Meet Jurij, A Grendizer collector from Italy and also a world famous composer and musician. (pictured here with the creator of Grendizer, Go Nagai)
Thank you for the wonderful two part interview, the rest will be posted tomorrow!
Why do Italians seem to have a love affair with Japanese toys?
I think everyone does, it depends on your childhood memories. Those of us who were born in the seventies grew up with Japanese cartoons such as: Grendizer, Mazinger Z, and other GoNagai productions like Jeeg, or Devilman. Grendizer, who was called Goldrake in Italy was a major success on Rai, the Government network. The independent stations followed by showing other Japanese cartoons, sometimes without licenses. The explosion of Japanese cartoons in the seventies followed in the eighties with many other Japanese anime shows such as Lupin III, Candy, Oscar, Ulysse 31, Jeeg, Daitarn III, and many many others. Some of these might be recognizable in the US under Shogun Warriors and Force Five logos. Grendizer was exported to all European countries as well as Lebanon and Egypt, some episodes were even shown in Russia.
What makes Grendizer so special?
Grendizer, Goldrake in Italian, and Goldorak in French, was the first major Japanese anime to arrive in Europe in 1978. It was initially broadcast in France, but shortly thereafter in Italy, and it transformed the Italian ideas of Japanese cartoons forever.
The Goldrake phenomenon was immediate and fairly massive. Without proper copyrights or licensing, thousands of factories produced large varieties of merchandise for collectors. I spoke with Go Nagai, the creator of Grendizer some months ago and he told me the incredible success of Grendizer in Europe came as a shock. He was just as famous for the Mazinger’s Saga in Japan, but in Italy it was Goldrake.
How did you start and how long have you been collecting Grendizer?
I started about fifteen years ago. Then it was very hard to find a lot of things. After 1995, with the Internet and online stores and auctions it became a lot easier.
How large is your collection and how do you showcase and/or store it?
I believe I have the largest collection in Europe. There are over 2000 pieces including comics, books, tapes, cd’s, lp’s and so forth. I have a big room for the collection and for my guitars. While I don’t think it’s the best choice, I have them in IKEA showcases.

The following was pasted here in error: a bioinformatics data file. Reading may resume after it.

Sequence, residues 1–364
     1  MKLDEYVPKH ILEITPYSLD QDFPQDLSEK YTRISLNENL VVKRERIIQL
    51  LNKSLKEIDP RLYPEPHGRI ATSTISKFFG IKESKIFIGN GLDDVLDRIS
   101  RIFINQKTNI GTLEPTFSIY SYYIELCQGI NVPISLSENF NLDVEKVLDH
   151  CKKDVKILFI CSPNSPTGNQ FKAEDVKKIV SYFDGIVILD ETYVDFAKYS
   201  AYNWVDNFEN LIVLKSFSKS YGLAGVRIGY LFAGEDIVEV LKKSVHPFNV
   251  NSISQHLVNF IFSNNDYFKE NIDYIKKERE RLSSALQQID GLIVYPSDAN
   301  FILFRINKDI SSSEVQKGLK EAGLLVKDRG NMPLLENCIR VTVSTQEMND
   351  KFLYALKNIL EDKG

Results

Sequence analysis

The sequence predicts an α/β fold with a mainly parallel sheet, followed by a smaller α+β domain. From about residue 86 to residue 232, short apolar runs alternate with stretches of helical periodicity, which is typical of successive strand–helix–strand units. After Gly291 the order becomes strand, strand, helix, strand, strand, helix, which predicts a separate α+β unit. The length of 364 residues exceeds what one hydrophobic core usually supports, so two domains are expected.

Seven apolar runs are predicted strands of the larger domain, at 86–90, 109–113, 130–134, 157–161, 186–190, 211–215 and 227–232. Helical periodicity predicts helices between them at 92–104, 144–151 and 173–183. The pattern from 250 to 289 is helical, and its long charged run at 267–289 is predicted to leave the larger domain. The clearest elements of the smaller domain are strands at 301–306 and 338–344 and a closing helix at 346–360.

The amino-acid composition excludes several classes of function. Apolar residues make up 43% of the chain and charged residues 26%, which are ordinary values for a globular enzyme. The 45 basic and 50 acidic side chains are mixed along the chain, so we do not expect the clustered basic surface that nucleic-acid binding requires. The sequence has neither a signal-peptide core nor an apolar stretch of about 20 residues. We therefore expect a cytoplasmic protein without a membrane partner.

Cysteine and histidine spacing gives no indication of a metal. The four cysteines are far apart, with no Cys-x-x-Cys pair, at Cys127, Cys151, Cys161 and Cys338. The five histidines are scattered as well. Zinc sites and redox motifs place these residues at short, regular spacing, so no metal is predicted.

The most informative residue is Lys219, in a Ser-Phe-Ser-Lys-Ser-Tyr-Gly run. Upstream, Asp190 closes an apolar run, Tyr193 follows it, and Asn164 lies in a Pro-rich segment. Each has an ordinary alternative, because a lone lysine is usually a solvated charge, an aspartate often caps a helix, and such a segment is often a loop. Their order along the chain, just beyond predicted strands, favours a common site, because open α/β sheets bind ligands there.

Is there a "dream" item for you?
The collection isn’t really a dream it’s a hobby. I’m a musician and composer, so naturally my dreams are all in that direction. I know some collectors live and breathe for their collection, but with me it’s my music. I have most of the rare Grendizer pieces in my collection now though there are still some elusive pieces like the Grendizer's Jumbo Saucer mint in box, hard to find and difficult to ship because of its size.
What is your favorite item you found thru Rinkya and why?
I use Rinkya for Japanese Grendizer merchandise like books and smaller pieces. I have found Rinkya works well for me.
Do you have any advice for new toy collectors?
Of course, toy collections are fun. Some people make them a business and it is sometimes difficult to find honest sellers. When you find them stay in touch and use them for future contacts. Japan is a long way away and they are not an expansive culture. They don’t sell outside of Japan easily and this is why I use Rinkya to buy and research items.
Are there fakes out there and how do you spot them?
As I said, some people make a business of it and some of those people are not above selling fakes, reproductions or repainted toys as new. There is always some risk and you can only use your experience and that of your friends. Collector’s catalogues are helpful, especially in showing versions and rarities with pictures of them, but the toys themselves are the only real way to identify a lot of things. Toys that are cheap because of bad condition are a good way to educate yourself in some characteristics of a collectible toy. Buy a few and study them before spending a lot of money.
Read the rest of Jurij's interview tomorrow!